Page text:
Kenwood’s Most Intimate Summer Escape

Year-round enjoyment awaits in this secluded Kenwood backyard, defined by 
its Minnesota native plantings and progression of unique outdoor spaces

Photos by Corey Gaffer

From the double-decker porch, an aluminum-slat facade frames views of the property’s native plantings.

When a busy couple moved to a home in Minneapolis’ Kenwood neighborhood, they desperately wanted to bring along the backyard they were leaving behind. The landscaping at the new house was subpar, brandishing only a few trees and too many shaded areas that left the grass spotty. Considering, it’s no wonder they wished to take with them the lush aesthetic of their former property, one with an abundance of Minnesota native plants that would not only boast a subtle tonal palette, but thrive in their new yard’s
private, sheltered areas.

“[The homeowners] emphasized to us they wanted a wild, immersive yard with intimate qualities,” says Maura Rockcastle, principal and co-founder of TEN x TEN Studio in Minneapolis, who designed the couple’s landscaping and outdoor rooms with associate John Rasmussen. The previous yard, which was just a few blocks away, “really drove this project,” Rasmussen adds, as did Minnesota’s diverse landscapes and geology. All of which, Rockcastle explains, “we interpreted to mean native plants, without any grids or straight lines, but in cleanly delineated zones.” 

Whitespire birch trees add privacy and intimacy to the property’s outdoor rooms.

The couple also wanted to add a double-decker porch in the back, “one that fit the house, but not in a traditional way,” says Tom Meyer, founding principal emeritus of MSR Design. They wished to enjoy the backyard not only from the main level of the home, but also from their second-level master bedroom. The 200-square-foot porch includes tables for seating and a grill area, with a light and airy aluminum-slat façade that frames the views. “The vertical linearity of the aluminum slats lent itself to the vocabulary of the original Arts and Crafts style of the home,” Meyer adds.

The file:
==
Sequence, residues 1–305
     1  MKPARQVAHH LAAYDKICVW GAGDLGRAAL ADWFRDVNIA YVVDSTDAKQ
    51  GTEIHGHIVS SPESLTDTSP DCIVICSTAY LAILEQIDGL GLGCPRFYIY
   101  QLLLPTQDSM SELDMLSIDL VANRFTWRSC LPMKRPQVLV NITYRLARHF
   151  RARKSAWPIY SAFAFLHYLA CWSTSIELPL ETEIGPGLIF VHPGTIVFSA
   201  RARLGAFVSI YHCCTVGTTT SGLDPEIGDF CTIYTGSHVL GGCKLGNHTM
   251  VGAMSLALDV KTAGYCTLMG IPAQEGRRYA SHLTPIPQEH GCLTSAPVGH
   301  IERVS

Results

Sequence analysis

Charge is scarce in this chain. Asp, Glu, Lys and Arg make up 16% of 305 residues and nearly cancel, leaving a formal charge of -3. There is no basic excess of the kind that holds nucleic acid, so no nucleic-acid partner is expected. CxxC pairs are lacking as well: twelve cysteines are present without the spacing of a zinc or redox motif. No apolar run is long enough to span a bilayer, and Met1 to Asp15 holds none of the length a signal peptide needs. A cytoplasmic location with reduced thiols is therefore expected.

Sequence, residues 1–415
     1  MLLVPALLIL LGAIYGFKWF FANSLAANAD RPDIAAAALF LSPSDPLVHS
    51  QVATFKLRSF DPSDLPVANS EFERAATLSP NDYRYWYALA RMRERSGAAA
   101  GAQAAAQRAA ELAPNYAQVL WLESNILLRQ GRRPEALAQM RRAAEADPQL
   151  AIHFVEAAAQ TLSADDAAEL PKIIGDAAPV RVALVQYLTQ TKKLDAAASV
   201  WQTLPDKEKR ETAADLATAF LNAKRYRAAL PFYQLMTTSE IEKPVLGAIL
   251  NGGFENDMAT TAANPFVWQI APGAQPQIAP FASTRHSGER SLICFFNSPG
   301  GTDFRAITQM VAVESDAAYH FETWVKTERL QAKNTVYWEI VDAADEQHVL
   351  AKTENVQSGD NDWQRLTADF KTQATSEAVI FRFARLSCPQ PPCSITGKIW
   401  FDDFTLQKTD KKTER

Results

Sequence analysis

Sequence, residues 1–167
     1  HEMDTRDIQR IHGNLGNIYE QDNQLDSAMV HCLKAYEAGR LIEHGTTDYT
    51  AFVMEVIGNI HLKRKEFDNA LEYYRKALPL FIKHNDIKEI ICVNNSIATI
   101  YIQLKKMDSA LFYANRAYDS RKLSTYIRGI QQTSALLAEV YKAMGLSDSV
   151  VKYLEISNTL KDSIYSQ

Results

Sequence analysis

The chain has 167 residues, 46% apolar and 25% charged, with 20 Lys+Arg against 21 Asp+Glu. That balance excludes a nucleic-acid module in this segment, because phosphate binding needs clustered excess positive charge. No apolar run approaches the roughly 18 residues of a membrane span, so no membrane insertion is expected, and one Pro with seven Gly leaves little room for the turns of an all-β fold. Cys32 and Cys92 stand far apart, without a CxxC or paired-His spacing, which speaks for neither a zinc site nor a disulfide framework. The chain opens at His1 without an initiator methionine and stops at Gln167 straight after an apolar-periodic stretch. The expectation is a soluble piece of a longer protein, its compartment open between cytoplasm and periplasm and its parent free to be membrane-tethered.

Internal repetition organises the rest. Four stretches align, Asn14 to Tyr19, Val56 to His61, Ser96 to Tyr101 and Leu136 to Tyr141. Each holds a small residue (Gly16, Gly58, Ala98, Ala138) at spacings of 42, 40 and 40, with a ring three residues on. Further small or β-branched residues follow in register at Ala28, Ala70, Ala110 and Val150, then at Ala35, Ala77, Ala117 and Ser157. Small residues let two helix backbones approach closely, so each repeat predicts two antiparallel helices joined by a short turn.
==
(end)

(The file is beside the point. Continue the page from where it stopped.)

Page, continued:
From the porch, TEN x TEN created a progression of outdoor rooms. “The first floor of the porch and house are a little elevated, so it feels like you’re floating above the natural plantings below,” says Rasmussen. Those plantings include the delicate fronds of cinnamon, ostrich, northern maidenhair, and “Brilliance” autumn ferns, plus the varied textures and arching blades of Pennsylvania sedge, sweet woodruff, and no-mow fescue. Whitespire birch and Canadian hemlock provide natural borders for the carefree plants.

A deck or “bridge” of black locust floats among the plantings and leads to the quarry, a sunken outdoor room with a fire pit and border of Coldspring charcoal granite. The live-edge oak slab bench—warmer than metal or other materials for winter use—includes Japanese knots and joints. “We collaborated with a woodworker so the bench would be raw, authentic, and customized,” Rockcastle adds.

A “floating” walkway—which ends at a massive granite slab— leads to a sunken outdoor room.

The deck terminates at a granite slab. “The quality of the details becomes more raw as you move deeper into the garden,” says Rockcastle. “We worked with reclaimed stone, rejecting piece after piece, until we found the ones with the most beautiful cut variations—then we designed the steps and walls.” The team also played with grade changes, Rasmussen adds, “to distinguish spaces, and so the clients can feel immersed in the trees and stone no matter the season.” The result is a garden of privacy and intimacy in the city. 

TEN x TEN also designed the front and side yards to include a black-stained cedar fence and various pine trees (like white pine and Swiss stone) that look magical under a ray of sunlight. At the height of gardening season, Dwarf European viburnum, chokeberry, and everlow yew comprise the mid-height shrub layer. Ferns and flowering perennials like low-growing wild geranium, spiderwort, wild ginger, and “Raspberry Splash” lungwort fill the space beautifully, while more no-mow fescue, Calgary carpet juniper, and turf act as ground covers.

The sunken quarry features a fire pit, live-edge oak slab bench, and charcoal granite border—all of which make the garden an unforgettable escape in the city.

“We enjoy structuring outdoor spaces where the wild is the focus, yet it’s controlled along the edges,” Rasmussen explains. To date, he says, 39 birch trees have been planted in the yard, providing areas in which “the plantings are allowed to be themselves.” The structures, materials, and plantings of this lush and verdant backyard may be wild for some. For these clients, however, Rockcastle says, “it’s overgrown and unkempt in a magical way.”  

Facebook Comments